than "I would *never* write code like that", you wouldn't get the job.
     
    Mike Schilling, Dec 24, 2006
    #6
  7. Big D

    Karl Uppiano Guest

    "John W. Kennedy" <> wrote in message
    news:v8mjh.1600$...
    > Karl Uppiano wrote:
    >> "John W. Kennedy" <> wrote in message
    >> news:c0ijh.1967$...
    >>> Big D wrote:
    >>>> I'm confused by the output of the following code:
    >>>>
    >>>> public class PP {
    >>>> public static void main(String[] args) {
    >>>> int i = 1;
    >>>> i = i++;
    >>>> System.out.println(i);
    >>>> }
    >>>> }
    >>>>
    >>>> It outputs 1.
    >>>>
    >>>> I understand the assignment operator happening before the ++, but I
    >>>> don't understand why the ++ doesn't increment. I thought the statement
    >>>> should basically expand to:
    >>>>
    >>>> i = i;
    >>>> i = i+1;
    >>>>
    >>>> but the ++ gets lots somewhere...
    >>> No, it gets expanded into:
    >>>
    >>> t = i;
    >>> i = i + 1;
    >>> i = t;
    >>>
    >>> Don' do dat!
    >>>
    >>> --
    >>> John W. Kennedy

    >>
    >> Holy crap! I hope no one ever asks me to evaluate code like that on a job
    >> interview. I would never write code like that, but I doubt if I'd squirt
    >> that nuance from the top of my head.

    >
    > Java is an improvement over its ancestor, C. In C, the official
    > interpretation of the code in question is "whatever the compiler feels
    > like doing". Because Java places such an emphasis on portability, it sets
    > down rules.


    That is a Good Thing(TM). I'm not disputing that. But I doubt I could quote
    chapter and verse from the JLS off the top of my head. I'm an open-book-test
    kind of guy (it's how the real world works anyway. No employer I know of
    would require you to work without access to any kind of reference
    materials). I'm just sayin'...
     
    Karl Uppiano, Dec 24, 2006
    #7
  8. Big D

    Stefan Ram Guest

    "Mike Schilling" <> writes:
    >I'll have to make that an interview question. If you answer anything other
    >than "I would *never* write code like that", you wouldn't get the job.


    Such code might make perfect sense, for example, as part of a
    Java compiler test suite.
     
    Stefan Ram, Dec 24, 2006
    #8
  9. Karl Uppiano wrote:
    > "John W. Kennedy" <> wrote in message
    > news:c0ijh.1967$...
    >> Big D wrote:
    >>> I'm confused by the output of the following code:
    >>>
    >>> public class PP {
    >>> public static void main(String[] args) {
    >>> int i = 1;
    >>> i = i++;
    >>> System.out.println(i);
    >>> }
    >>> }
    >>>
    >>> It outputs 1.
    >>>
    >>> I understand the assignment operator happening before the ++, but I don't
    >>> understand why the ++ doesn't increment. I thought the statement should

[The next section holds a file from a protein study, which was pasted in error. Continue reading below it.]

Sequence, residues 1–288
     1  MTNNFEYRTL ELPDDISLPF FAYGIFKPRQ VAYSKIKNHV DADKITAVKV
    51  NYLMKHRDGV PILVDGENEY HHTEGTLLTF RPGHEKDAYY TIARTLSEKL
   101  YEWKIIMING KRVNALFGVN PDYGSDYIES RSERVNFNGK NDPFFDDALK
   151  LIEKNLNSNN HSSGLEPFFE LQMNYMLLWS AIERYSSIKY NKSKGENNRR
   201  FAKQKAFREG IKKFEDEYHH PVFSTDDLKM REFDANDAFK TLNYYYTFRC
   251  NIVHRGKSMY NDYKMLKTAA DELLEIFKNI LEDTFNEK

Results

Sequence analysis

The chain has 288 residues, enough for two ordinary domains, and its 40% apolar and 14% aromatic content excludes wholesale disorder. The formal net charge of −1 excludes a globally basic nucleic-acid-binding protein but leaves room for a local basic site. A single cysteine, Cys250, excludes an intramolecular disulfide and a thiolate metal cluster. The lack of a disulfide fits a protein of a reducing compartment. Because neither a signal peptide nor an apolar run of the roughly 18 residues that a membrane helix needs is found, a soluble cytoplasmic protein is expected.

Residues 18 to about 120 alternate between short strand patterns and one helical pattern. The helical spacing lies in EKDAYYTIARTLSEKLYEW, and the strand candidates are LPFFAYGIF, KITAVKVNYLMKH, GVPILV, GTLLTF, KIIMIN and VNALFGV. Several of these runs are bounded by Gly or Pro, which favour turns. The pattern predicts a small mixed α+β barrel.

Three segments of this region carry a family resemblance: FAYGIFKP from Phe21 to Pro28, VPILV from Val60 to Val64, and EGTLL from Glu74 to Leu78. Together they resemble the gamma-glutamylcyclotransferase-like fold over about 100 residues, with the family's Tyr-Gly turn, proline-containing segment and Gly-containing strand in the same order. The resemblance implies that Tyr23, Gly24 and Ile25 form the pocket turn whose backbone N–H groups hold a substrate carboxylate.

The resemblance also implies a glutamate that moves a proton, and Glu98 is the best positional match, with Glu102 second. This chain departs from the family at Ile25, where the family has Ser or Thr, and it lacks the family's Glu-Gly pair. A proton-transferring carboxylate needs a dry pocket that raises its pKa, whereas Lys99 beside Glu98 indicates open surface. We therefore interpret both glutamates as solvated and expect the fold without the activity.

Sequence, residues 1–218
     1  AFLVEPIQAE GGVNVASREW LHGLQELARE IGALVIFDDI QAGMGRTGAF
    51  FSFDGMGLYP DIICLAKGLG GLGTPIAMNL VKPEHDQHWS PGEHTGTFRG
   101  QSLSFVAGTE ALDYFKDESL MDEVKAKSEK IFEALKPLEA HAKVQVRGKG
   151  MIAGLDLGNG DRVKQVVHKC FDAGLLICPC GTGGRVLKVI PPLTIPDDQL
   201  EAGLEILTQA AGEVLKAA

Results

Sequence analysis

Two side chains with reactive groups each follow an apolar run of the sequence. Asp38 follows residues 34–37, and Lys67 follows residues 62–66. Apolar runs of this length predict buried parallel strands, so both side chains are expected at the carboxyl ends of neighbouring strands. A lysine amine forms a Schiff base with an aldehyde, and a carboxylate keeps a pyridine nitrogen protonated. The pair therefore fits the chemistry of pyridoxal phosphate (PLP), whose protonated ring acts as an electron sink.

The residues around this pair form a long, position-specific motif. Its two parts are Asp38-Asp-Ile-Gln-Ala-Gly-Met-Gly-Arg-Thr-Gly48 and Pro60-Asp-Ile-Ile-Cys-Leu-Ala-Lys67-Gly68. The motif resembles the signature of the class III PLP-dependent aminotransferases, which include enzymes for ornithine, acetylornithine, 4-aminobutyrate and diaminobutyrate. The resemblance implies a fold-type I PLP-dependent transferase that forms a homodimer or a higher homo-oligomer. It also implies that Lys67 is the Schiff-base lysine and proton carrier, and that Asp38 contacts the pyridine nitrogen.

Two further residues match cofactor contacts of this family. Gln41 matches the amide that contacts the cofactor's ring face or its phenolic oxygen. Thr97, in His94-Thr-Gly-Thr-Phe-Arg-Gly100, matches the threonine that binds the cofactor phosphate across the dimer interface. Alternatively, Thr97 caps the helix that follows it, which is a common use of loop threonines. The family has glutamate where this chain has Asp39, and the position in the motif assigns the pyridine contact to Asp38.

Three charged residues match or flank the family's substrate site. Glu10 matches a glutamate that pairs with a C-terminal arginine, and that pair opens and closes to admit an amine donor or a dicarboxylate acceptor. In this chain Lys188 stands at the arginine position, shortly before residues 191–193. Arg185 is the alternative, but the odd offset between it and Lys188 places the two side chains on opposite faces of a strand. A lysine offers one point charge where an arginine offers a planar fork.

>>> basically expand to:
    >>>
    >>> i = i;
    >>> i = i+1;
    >>>
    >>> but the ++ gets lots somewhere...

    >> No, it gets expanded into:
    >>
    >> t = i;
    >> i = i + 1;
    >> i = t;
    >>
    >> Don' do dat!
    >>
    >> --
    >> John W. Kennedy

    >
    > Holy crap! I hope no one ever asks me to evaluate code like that on a job
    > interview. I would never write code like that, but I doubt if I'd squirt
    > that nuance from the top of my head.
    >
    >


    Variations on the exact effect of various combinations of prefix/postfix
    ++/-- are frequently asked questions in this newsgroup. I've seen the
    questions often enough to remember how to work out the answers. The fact
    that the JLS has a very simple, consistent, well-defined model makes
    them quite easy to answer.

    The only time I've ever coded something like that in Java was when
    checking my answers for more complicated cases.

    Patricia
     
    Patricia Shanahan, Dec 24, 2006
    #9
  10. Big D

    Guest

    Hi, this is not gonna work like you write it. Look if you do i = i++;
    it will asign i = i because it evaluates i and after that it
    increments.

    You should do:

    i = ++i;

    If you only want to increment "i" then just do:

    public static int main(String[] args) {
    int i = 1;
    i++;
    System.out.println("The value of variable i is: " + i );
    return 0;
    }
    }

    Output = 'The value of variable i is: 2'

    > I'm confused by the output of the following code:
    >
    > public class PP {
    > public static void main(String[] args) {
    > int i = 1;
    > i = i++;
    > System.out.println(i);
    > }
    > }
    >
    > It outputs 1.
    >
    > I understand the assignment operator happening before the ++, but I don't
    > understand why the ++ doesn't increment. I thought the statement should
    > basically expand to:
    >
    > i = i;
    > i = i+1;
    >
    > but the ++ gets lots somewhere...
     
    , Dec 24, 2006
    #10
  11. wrote:
    > Hi, this is not gonna work like you write it. Look if you do i = i++;
    > it will asign i = i because it evaluates i and after that it
    > increments.


    You are right about the result, as far as it goes, but why are you
    giving a confusing and imprecise explanation after two of us have given
    exact descriptions?

    > You should do:
    >
    > i = ++i;


    No, he shouldn't. It's true that this statement works, but it's stupid.
    The correct statement is:

    ++i;

    or

    i++;

    (I personally prefer the first, but the second is more common in the wild.)

    And don't top-post.

    --
    John W. Kennedy